There are conflicting reports about what led to the clashes, none of which could be independently confirmed. However, by all accounts, scores of people were injured and arrested during the confrontation.
Iran's official state-run news agencies says Sufis attacked a Shi'a mosque, the Masjid an-Nabi, that is next door to their Sufi monastery.
Those reports say the Sufis were angry about criticism from Shi'a clerics that were being broadcast from loudspeakers in the mosque's minarets.
Sufis in Borujerd describe events differently. They say Shi'a clerics feel threatened by the growing popularity of the Sufi movement in Iran, especially among young people.
One Sufi follower in Borujerd told Radio Farda that Iranian authorities had invented stories about the Sufi attack on the Shi'a mosque in order to justify the destruction of the monastery.
"[Authorities] spread a rumor that Sufi mystics had attacked Masjid an-Nabi and injured one of the clerics there," he said. "This very rumor gave an excuse for the [paramilitary Basij] to say that they must seek vengeance. By mobilizing forces around the city, they somehow gathered people together and attacked Hossaini-ye, [the Sufi's monastery.] They attacked first with sticks and stones, demolishing the ceiling of Hossaini-ye. Then, when they entered Hossaini-ye, the Sufis and dervishes resisted and forced them back out of the building. Then, they attacked again -- this time using tear gas and colored gases. So they occupied the Hossaini-ye. They burned it and destroyed it. They are persecuting Sufis for their religious beliefs."
Leaders of other Sufi orders contacted by RFE/RL have declined to comment on the Borujerd dispute, saying they fear their followers will be persecuted in Iran if they issue political statements about Ahmadinejad's regime.
The U.S. State Department says respect for religious freedom in Iran is extremely poor and has been deteriorating since Ahmadinejad came to power -- especially for Sufi Muslims and members of the Baha'i Faith.
In fact, just a week before the violence in Borujerd, Iranian Deputy Culture Minister Mohsen Parviz issued a statement saying there is no place for the promotion of Sufism in Shi'a-dominated Iran.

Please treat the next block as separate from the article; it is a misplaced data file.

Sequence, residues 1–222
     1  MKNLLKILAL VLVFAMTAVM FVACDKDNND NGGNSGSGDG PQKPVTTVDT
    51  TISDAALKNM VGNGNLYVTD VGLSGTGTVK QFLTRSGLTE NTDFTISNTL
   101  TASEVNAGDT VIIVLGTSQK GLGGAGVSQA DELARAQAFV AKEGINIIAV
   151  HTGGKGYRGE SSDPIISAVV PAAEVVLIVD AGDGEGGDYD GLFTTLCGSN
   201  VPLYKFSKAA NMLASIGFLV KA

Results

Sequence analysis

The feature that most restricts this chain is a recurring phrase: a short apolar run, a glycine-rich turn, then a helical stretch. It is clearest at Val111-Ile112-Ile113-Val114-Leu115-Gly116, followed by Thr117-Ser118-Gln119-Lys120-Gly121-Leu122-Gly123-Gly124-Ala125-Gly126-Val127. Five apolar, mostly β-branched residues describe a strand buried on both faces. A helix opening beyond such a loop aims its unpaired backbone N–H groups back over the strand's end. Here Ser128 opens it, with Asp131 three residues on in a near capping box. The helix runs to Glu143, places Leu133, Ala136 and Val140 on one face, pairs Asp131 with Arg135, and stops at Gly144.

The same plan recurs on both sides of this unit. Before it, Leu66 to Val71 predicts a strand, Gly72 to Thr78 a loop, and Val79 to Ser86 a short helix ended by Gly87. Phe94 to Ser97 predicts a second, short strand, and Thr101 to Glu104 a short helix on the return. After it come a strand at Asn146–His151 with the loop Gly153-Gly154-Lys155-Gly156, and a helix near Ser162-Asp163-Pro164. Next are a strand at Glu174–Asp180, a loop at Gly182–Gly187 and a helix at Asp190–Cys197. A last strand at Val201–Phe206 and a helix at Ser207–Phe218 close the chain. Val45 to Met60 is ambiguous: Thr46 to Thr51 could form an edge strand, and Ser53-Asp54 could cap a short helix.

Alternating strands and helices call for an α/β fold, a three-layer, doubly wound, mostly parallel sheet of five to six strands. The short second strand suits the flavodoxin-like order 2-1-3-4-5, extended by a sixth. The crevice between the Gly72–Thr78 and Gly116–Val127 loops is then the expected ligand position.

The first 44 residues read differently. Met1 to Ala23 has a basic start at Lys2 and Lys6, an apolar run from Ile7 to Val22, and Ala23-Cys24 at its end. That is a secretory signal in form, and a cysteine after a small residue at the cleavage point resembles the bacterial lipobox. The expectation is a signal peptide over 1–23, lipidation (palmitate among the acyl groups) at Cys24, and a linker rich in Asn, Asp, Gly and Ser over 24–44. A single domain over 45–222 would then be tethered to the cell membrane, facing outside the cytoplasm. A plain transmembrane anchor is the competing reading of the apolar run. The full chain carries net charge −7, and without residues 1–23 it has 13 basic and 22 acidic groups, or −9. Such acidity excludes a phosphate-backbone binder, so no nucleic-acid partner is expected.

Parviz's remarks followed complaints from Shi'a clerics about state television coverage of the Rumi International Congress, an event in Iran commemorating the 800th anniversary of the birth of the Persian poet and mystic Rumi.
Parviz, who also served as executive director of the committee for the Rumi Congress, said the clerics' complaints focused on news broadcasts about performances of Sama, the Sufi practice of gathering to listen to religious poetry that is sung and often accompanied by ecstatic dance or other rituals.
The U.S. State Department says Tehran's actions and rhetoric have created a threatening atmosphere for nearly all religious minorities in Iran.
It also says Iran's government-controlled media has intensified negative campaigns against religious minorities since Ahmadinejad's election.
It notes that in late 2005, a shari'a scholar in the holy city Qom, Ayatollah Hossein Nouri-Hamedani, called for a crackdown on Sufi groups after labeling them a "danger to Islam." Since then, articles attacking Sufis have proliferated in Iranian national newspapers.
In February 2006, police closed a building in Qom that was being used as a house of worship by Sufis from the Nematollahi Gonabadi order. When Sufis responded by staging a protest in Qom, clashes broke out and Iranian authorities arrested more than 1,000 people.
Local officials in Qom said the Sufis had illegally created a center of worship and refused to leave it. They also said that some of the Sufis demonstrators had been armed.
But representatives of the Sufi order in Qom have denied the charges, saying they have been targeted for persecution because of the increasing popularity of Sufism.
(Radio Farda's Alireza Taheri contributed to this report)